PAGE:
It's time for another installment of the Book Rat Project, the sustained experiment in which a book critic (me) attempts to act as a human algorithm for a willing subject (my Phoenix colleague Will Delman). After a misguided effort to make my subject read a critically revered novelist in translation, I realized that one of my favorite books last year, Chris Adrian's The Great Night, is now available in paperback. So I gave it to Will to read and he liked it quite a bit:
Like most lit-nerds I was a big fan of Neil Gaiman’s
Sandman series when I was a young and semi-disaffected high-school
student, and I still keep tabs on what the man is up too from time to time,
which is to say that when Eugenia handed me Chris Adrian’s The Good Night
and I read the back cover I said “Sounds vaguely like something Neil Gaiman
might come up with.”
“Don’t you dare compare them to each other!” she
half-jokingly shouted before nearly snatching the book back. “That’s like
comparing something that . . . I don’t even know what, like comparing something
that’s really good to something that was good when you were ten.” (I might be
taking a little license with the exact dialog here, but I stand by the general
sentiments that were expressed)
So now that I’ve implied the possibility that this review
will, in fact, compare Chris Adrian to Neil Gaiman I can say this: there is no
comparison. The Great Night is the kind of book I imagine every straight
genre-writer wishes they could write, a story that’s not only deeply informed by
dramatic and literary history, but also extremely aware of the patterns and
tropes of the modern genre landscape.
While many people have called this a “reworking of
Shakespeare’s A Midsummer Night’s Dream,” I think it would be more
accurate to say The Great Night was inspired and informed by the
bard—there’s no sense that the play is being reworked, at least not in West
Side Story sense of reworking; many of Midsummer’s characters appear
here in one form or another, but The Great Night is far more tragedy than
Adrain tortures his characters exquisitely, both human and
faerie alike, as he uncovers the truths of their motivations and actions.
Children stolen or adopted are stolen again—by magic, disease, royal
decree—brothers and lovers commit suicide for reasons the survivors can’t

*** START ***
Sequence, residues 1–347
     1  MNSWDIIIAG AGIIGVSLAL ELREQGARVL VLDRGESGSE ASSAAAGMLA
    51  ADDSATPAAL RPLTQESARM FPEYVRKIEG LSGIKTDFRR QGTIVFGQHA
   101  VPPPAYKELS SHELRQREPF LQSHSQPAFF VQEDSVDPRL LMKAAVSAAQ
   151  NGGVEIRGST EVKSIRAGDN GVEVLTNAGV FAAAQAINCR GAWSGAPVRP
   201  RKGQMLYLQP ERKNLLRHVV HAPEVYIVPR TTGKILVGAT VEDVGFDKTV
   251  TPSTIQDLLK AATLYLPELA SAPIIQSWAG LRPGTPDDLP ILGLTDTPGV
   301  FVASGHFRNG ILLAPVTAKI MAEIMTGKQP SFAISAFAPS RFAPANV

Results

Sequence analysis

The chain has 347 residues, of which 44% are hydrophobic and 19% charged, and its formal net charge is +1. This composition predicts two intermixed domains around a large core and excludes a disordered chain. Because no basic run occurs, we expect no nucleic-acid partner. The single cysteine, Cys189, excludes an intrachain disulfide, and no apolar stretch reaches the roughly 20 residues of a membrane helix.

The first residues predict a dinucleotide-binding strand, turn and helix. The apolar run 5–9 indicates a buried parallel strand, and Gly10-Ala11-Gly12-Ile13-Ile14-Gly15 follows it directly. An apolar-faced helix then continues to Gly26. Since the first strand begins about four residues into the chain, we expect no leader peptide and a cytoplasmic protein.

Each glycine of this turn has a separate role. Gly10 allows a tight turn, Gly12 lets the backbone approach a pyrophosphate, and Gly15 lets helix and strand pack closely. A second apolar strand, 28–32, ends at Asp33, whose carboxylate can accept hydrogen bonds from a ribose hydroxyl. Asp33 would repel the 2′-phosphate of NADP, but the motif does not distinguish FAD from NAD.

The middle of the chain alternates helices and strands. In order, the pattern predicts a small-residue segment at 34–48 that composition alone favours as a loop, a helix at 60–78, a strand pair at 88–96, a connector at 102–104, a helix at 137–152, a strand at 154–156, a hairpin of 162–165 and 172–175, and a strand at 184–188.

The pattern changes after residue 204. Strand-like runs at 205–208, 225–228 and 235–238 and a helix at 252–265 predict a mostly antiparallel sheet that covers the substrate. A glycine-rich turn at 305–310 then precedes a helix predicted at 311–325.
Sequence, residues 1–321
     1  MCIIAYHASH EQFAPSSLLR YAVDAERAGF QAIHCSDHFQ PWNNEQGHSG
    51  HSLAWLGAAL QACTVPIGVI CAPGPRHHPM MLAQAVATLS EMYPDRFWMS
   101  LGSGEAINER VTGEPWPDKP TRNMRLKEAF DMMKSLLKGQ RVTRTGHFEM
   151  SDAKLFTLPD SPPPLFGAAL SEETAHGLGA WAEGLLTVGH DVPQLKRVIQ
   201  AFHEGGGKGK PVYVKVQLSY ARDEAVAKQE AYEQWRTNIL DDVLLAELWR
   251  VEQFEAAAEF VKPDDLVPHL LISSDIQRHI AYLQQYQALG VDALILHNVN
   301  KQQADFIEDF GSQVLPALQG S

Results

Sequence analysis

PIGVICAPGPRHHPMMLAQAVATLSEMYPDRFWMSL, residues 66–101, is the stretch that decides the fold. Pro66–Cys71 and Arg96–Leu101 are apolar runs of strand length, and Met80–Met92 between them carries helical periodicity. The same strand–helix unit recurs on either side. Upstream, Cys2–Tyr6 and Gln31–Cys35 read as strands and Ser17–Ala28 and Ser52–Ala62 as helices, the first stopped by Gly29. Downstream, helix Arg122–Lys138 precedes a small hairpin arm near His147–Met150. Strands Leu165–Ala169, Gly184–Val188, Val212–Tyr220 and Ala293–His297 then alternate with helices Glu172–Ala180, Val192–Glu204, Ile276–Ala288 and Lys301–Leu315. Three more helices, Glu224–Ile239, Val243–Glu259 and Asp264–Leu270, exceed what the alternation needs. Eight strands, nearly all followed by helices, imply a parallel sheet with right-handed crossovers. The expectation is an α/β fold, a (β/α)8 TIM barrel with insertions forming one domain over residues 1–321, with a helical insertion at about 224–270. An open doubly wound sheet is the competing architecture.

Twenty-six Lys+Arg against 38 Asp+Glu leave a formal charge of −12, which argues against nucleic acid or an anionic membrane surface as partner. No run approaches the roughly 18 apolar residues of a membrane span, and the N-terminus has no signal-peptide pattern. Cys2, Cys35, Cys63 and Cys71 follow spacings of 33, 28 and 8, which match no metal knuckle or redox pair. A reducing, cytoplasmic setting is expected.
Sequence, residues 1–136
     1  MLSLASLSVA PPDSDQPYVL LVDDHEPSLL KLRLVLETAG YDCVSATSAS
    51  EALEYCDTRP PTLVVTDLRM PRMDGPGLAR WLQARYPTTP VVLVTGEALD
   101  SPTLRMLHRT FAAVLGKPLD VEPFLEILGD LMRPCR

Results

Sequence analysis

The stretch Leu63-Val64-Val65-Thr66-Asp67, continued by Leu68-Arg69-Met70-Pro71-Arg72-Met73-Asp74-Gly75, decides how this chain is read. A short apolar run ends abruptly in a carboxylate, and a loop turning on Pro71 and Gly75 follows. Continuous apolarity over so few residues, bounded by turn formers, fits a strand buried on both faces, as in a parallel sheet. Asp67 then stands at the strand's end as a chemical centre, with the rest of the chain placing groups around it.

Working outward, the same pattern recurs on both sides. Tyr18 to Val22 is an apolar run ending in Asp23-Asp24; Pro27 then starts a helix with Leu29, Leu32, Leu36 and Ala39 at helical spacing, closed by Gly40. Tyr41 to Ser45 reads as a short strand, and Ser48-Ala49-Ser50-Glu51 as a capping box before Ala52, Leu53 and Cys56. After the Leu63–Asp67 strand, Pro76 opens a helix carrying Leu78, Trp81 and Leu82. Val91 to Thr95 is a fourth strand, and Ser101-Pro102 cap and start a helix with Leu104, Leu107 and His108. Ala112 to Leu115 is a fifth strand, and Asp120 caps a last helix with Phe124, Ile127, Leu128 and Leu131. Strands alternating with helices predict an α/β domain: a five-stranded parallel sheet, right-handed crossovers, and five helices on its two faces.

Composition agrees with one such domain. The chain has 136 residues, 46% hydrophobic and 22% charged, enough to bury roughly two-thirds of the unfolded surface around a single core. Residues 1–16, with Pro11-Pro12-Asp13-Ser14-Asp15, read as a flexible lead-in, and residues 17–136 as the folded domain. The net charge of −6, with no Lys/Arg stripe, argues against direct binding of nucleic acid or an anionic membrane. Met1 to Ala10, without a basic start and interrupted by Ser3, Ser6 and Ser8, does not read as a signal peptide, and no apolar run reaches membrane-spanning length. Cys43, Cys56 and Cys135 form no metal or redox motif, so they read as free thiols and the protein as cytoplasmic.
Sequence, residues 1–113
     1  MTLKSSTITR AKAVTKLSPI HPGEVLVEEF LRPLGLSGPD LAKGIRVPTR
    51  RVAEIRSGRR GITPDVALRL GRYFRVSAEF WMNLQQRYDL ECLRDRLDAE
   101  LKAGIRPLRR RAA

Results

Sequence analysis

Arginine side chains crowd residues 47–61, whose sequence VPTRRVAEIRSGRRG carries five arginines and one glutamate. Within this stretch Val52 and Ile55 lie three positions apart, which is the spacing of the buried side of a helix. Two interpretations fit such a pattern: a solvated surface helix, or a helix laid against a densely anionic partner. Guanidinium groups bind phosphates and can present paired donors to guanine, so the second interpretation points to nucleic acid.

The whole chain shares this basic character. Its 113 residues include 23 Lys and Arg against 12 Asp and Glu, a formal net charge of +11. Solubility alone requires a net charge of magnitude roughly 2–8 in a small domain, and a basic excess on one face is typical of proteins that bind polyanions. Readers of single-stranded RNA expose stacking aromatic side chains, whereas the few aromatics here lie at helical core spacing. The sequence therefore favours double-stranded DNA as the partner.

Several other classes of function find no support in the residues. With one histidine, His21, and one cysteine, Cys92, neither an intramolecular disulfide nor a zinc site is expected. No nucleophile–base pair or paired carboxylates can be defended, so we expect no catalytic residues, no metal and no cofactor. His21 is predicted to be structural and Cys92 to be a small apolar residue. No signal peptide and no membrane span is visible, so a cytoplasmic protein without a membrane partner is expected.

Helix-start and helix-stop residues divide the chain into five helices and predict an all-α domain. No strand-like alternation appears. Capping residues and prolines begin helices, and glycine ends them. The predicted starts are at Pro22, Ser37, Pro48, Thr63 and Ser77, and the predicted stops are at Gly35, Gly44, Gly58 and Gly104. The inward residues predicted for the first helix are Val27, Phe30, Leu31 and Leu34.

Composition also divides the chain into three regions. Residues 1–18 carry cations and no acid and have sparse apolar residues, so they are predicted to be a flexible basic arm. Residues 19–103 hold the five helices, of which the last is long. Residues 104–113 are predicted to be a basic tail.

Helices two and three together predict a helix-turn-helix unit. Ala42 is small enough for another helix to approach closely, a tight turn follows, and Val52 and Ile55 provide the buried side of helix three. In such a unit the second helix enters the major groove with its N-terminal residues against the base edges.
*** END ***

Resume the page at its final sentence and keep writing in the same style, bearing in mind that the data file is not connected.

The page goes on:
understand; relationships and marriages are murdered by tragedy, psychosis, and
repressed memories. There were times when as a reader I wanted to cry “uncle!”
on behalf of Adrian’s entire cast, but it’s also impossible to ignore that many
of his characters, in one way or another deserve, at least in part, the
sufferings that are inflicted on them. And maybe that’s the real genius of
The Great Night; ultimately there are no clear-cut heroes or villains (in
fact, if you ask me, if you don’t end up feeling a little sorry for the
“villain” at the end then your world-view might be just a little too
black-and-white). Every victory and accomplishment feels hard-won, and even the
few moments of humor—and there are some good laughs to be had along the way—come
with the knowledge of an impending trial to be faced just around the bend.
I should admit that The Great Night might have
benefitted, just a little, from where I read it; The Book Rat is filing this
review from Pompeii, Italy. It’s easy to imagine hidden kingdoms full of tragic
stories here among the unearthed ruins of a city, the living part of which is
still struggling to find an economic identity beyond tourism. Everyone in this
small, mostly ignored city—most guidebooks ignore the living city completely and
only cover the ruins—is in some sense a survivor off the edge of tragedy.
Still, I’m going to go out on a limb and say we’ve all know
landscapes where we suspected that something magical might happen, and if that
were all this book had going for it, well, it wouldn’t be half as good.
Basically The Great Night is precisely the kind of genre-busting,
brilliantly written novel that every book lover should cherish and love,
sufferings and all.
The Book Rat Grade: A
Woot! Next up, Jess Walter's new novel Beautiful Ruins. I forked this one over very reluctantly because I freaking love Jess Walter, and Beautiful Ruins looks bonkers.